Most genetic testing research among asymptomatic children has focused on Mendelian disorders (i.e., those caused by mutations in single genes and that are minimally influenced by environment) such as Huntington disease or Li-Fraumeni syndrome. In the coming decade, pediatric genetic testing research will grapple with ethical challenges that result from the ability to sequence an individual’s entire genome. This technology will allow research on genetic susceptibility testing (also referred to as “predictive genomic testing”) and lead to challenges related to incidental findings as vast quantities of information, some unanticipated, are generated. The term “genomic” reflects the fact that this testing assesses disease risk for common complex diseases, such as type 2 diabetes. The term “complex” refers to the influence of both genetic (usually across multiple genes) and environmental factors on disease development. Unlike in Mendelian diseases, where the risk of disease is almost always 100%, genetic susceptibility testing provides disease risks that are modestly increased above that of the population, in the order of 10%.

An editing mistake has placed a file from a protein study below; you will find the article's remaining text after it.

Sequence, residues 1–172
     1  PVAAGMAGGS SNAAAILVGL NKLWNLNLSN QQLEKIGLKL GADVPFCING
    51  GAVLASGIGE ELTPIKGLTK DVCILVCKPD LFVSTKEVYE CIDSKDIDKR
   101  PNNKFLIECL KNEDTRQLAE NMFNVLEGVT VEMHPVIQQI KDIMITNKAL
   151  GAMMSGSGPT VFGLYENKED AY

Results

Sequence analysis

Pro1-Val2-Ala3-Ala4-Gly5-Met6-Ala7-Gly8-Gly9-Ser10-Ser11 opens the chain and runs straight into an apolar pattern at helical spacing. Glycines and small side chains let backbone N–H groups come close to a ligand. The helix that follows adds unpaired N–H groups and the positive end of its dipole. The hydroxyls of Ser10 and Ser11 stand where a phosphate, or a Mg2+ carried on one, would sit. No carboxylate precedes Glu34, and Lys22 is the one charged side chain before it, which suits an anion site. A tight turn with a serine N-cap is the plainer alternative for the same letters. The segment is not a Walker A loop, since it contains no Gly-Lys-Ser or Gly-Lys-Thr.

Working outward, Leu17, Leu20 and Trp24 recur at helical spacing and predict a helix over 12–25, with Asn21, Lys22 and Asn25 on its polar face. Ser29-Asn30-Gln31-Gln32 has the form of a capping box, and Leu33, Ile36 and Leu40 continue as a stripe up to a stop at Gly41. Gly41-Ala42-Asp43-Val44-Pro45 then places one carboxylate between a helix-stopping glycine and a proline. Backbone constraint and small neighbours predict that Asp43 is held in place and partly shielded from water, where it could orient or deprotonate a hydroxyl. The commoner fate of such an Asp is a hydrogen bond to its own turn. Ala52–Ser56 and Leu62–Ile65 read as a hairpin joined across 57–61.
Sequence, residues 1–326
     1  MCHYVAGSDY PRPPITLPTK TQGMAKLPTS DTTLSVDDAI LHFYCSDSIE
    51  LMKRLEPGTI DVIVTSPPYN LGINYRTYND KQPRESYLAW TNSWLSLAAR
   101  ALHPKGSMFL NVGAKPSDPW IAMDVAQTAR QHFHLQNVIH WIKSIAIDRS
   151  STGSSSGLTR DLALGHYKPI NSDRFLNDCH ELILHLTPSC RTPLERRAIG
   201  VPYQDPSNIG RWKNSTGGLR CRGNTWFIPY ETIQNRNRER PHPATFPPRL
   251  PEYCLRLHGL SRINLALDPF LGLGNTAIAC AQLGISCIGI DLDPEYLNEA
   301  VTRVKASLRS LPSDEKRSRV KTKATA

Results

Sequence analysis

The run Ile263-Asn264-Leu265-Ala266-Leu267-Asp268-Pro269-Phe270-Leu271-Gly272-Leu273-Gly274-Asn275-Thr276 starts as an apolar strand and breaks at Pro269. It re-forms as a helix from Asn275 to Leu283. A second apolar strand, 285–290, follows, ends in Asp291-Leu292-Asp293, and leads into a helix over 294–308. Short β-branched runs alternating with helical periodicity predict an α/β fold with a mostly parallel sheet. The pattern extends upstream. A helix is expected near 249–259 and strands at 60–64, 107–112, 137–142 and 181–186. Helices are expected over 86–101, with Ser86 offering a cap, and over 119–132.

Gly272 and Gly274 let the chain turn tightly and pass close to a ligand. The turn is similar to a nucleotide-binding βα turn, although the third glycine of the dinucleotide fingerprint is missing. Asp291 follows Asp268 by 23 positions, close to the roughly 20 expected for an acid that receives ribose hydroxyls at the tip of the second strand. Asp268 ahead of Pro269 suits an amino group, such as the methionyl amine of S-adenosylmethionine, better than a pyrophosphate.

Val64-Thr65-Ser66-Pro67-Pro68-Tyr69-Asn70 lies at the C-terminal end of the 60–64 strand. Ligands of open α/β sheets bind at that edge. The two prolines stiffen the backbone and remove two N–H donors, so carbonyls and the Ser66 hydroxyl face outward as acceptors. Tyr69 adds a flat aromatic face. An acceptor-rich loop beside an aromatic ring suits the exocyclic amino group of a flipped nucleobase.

In either type of genetic testing research of children – Mendelian or common diseases – risk/benefit considerations are influenced by 1) the timing of disease onset (i.e., childhood or adult) and 2) treatability of disease. Predicting an early-onset disease (i.e., one that manifests during childhood) carries with it more potential urgency and relevance to the child’s life than one that occurs during adulthood. This urgency is only increased when the disease can be cured or its complications can be mitigated. For example, while there is no disease cure for Li-Fraumeni syndrome, the child may benefit from regular cancer screening since the disease can carry a nearly 20% risk of childhood malignancy26. As the treatability of the disease decreases, the benefits of testing shift more to the psychosocial realm, such as helping to prepare for future health and life decisions (e.g., long-term care insurance, child-bearing). Any potential benefits from genetic testing research in childhood are significantly tempered when the child will not develop disease until adulthood. A commonly cited case is identification of children with Huntington disease. There is debate whether a child or adolescent’s knowledge of his or her own predisposition to develop adult-onset disease status merits testing during childhood, rather than waiting until the child becomes a competent adult who can provide autonomous consent to participate in this kind of research.27 In fact, many professional societies recommend deferring such testing,28 as many have argued that imposing this knowledge, interferes with the child’s “right to an open future”29,30, a term that captures a child’s right to preserve their future life options by limiting the decisions and information imposed upon them by others.